The villa, called "Villa Gaia" in the second half of 1400 for the festivities that took place there, is one
of the most ancient buildings which have risen in Lombardy with the features of a house.
The house is organized around three quadrangular courtyards, one next to the other, different in shape and size. The House overlooks the Naviglio, while the two long sides face the garden. The ancient origin and the numerous passages of ownership have favoured lots of transformations.
The house rises on those that were the walls of the ancient castle, or fortified village of Robecco, of medieval origin, of which today there is no longer any trace but that presumably was where villa Gromo of Ternengo is currently located.
The first records date back to the 8th June 1448 when Vitaliano Borromeo bought from the Council of “Novecento” some goods in Robecco including a manor house. The construction, which will become then Gaia House, was then part of some assets confiscated to to Pietrasanta, because of his bad conduct in managing the office of the Ducal Treasury.
The property in the course of the nineteenth century passed to the Confalonieri and we should remember in particular Federico Confalonieri, “Carbonaro”conspirator that had his private study in this house. Currently the house is owned by the family Gandini.
The villa is one of the most precocious and significant examples of extra-urban residence in Milan territory, on the model of the palaces of the first half of the sixteenth century according to which the main core draws on the fortified architecture and is characterized by the development of the environments around a porticoed court on columns with windows on the upper floor in correspondence of the individual bays.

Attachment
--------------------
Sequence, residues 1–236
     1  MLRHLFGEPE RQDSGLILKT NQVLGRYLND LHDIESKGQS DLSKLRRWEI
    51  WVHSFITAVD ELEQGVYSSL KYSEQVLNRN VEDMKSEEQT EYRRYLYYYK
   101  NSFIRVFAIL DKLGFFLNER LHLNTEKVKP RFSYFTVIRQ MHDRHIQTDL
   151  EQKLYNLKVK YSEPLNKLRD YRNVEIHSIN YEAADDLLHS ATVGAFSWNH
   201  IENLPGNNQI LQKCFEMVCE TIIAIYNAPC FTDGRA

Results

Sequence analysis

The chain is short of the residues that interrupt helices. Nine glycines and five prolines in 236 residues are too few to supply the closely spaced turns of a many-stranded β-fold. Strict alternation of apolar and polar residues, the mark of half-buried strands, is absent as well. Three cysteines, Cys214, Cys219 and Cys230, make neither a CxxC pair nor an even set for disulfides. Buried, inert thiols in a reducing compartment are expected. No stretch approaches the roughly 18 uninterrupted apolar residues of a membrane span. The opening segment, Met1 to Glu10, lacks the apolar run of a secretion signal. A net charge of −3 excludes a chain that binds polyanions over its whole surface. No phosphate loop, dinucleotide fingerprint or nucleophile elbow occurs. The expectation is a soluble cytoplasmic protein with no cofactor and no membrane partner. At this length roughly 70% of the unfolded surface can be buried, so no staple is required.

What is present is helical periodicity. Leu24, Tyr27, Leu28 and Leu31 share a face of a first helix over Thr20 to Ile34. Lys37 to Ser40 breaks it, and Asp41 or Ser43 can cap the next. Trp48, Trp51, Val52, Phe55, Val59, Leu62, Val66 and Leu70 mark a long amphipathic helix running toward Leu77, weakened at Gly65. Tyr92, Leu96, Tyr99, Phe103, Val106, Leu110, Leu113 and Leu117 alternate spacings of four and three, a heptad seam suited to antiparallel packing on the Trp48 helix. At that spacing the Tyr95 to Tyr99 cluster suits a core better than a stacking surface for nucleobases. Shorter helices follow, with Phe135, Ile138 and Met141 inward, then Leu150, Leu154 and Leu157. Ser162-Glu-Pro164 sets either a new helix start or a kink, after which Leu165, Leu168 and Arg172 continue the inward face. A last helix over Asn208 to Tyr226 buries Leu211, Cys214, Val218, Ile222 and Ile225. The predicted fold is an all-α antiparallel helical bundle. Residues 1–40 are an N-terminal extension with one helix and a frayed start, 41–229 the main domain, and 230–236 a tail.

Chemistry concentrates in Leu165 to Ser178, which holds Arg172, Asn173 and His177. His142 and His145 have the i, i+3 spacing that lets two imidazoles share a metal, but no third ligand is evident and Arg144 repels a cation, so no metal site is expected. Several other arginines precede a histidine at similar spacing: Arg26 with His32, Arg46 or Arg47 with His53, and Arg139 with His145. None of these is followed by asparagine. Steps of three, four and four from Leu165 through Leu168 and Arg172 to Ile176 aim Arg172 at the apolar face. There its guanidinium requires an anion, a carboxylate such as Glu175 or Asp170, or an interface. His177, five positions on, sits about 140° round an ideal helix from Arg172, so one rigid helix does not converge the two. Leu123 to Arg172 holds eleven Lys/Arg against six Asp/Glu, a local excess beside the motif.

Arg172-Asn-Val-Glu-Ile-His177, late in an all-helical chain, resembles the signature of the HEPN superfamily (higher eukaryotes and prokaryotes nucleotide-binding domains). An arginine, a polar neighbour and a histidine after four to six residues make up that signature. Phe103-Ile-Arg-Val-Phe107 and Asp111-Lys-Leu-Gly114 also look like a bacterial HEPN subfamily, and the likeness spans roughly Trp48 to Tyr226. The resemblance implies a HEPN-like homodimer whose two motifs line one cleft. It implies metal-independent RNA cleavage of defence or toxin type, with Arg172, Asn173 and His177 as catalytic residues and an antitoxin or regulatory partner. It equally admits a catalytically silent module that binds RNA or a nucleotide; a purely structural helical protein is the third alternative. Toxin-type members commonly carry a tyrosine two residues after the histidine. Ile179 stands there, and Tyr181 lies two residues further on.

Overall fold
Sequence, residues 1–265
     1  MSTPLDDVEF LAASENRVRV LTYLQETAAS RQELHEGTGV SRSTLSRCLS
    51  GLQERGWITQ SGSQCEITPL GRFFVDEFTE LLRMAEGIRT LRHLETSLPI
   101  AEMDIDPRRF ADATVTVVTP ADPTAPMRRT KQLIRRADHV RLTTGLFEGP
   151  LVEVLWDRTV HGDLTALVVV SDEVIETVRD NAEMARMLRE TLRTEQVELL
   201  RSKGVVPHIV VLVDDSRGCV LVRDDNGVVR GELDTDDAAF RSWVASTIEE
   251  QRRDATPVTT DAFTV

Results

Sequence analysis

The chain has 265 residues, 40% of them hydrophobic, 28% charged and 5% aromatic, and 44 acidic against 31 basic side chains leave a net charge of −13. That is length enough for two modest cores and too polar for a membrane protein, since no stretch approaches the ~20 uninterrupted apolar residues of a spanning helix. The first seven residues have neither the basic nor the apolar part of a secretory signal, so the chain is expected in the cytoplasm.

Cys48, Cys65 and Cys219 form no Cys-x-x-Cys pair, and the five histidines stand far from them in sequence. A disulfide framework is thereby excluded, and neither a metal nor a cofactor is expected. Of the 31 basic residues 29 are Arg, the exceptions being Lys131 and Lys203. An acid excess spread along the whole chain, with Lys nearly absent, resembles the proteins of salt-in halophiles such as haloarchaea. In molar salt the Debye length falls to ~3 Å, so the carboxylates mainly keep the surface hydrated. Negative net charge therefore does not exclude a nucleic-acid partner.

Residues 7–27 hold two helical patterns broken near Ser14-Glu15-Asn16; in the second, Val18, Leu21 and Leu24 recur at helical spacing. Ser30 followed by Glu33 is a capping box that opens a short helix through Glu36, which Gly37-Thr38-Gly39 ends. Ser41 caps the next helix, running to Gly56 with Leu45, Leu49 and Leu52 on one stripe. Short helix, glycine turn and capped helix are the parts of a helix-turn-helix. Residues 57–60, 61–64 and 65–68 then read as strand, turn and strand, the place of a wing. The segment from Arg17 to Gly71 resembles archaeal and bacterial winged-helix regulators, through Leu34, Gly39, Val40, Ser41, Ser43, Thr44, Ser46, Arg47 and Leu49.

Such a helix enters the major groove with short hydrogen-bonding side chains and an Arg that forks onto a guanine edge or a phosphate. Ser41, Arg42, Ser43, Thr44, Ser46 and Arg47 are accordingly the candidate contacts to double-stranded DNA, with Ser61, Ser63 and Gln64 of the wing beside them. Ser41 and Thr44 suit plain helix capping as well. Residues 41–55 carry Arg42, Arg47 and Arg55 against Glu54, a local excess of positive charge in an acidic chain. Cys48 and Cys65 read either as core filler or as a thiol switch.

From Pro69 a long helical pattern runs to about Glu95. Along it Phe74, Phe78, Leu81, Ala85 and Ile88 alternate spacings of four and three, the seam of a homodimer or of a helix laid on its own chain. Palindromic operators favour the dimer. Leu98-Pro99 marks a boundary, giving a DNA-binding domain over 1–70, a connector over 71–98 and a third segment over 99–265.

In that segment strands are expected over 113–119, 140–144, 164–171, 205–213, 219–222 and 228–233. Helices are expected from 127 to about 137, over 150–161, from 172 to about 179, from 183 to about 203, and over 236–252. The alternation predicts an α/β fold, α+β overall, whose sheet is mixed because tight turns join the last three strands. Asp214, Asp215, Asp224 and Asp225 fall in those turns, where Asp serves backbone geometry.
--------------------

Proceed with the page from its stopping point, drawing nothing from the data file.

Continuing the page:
The elements of greatest charm of the house are surely the garden with American oak trees, the jetty that overlooks the Naviglio Grande and especially the courtyard of representation, decorated with grotesque figures and plants and animals recalling exotic places.
The front with access on the road is still as it was in the sixteenth century, with the great portal in rusticated ashlar, adorned by the coat of arms of the Visconti-Borromeo, with traces of painted decorations in imitation of rustication and with shelves painted with warrior trophies.
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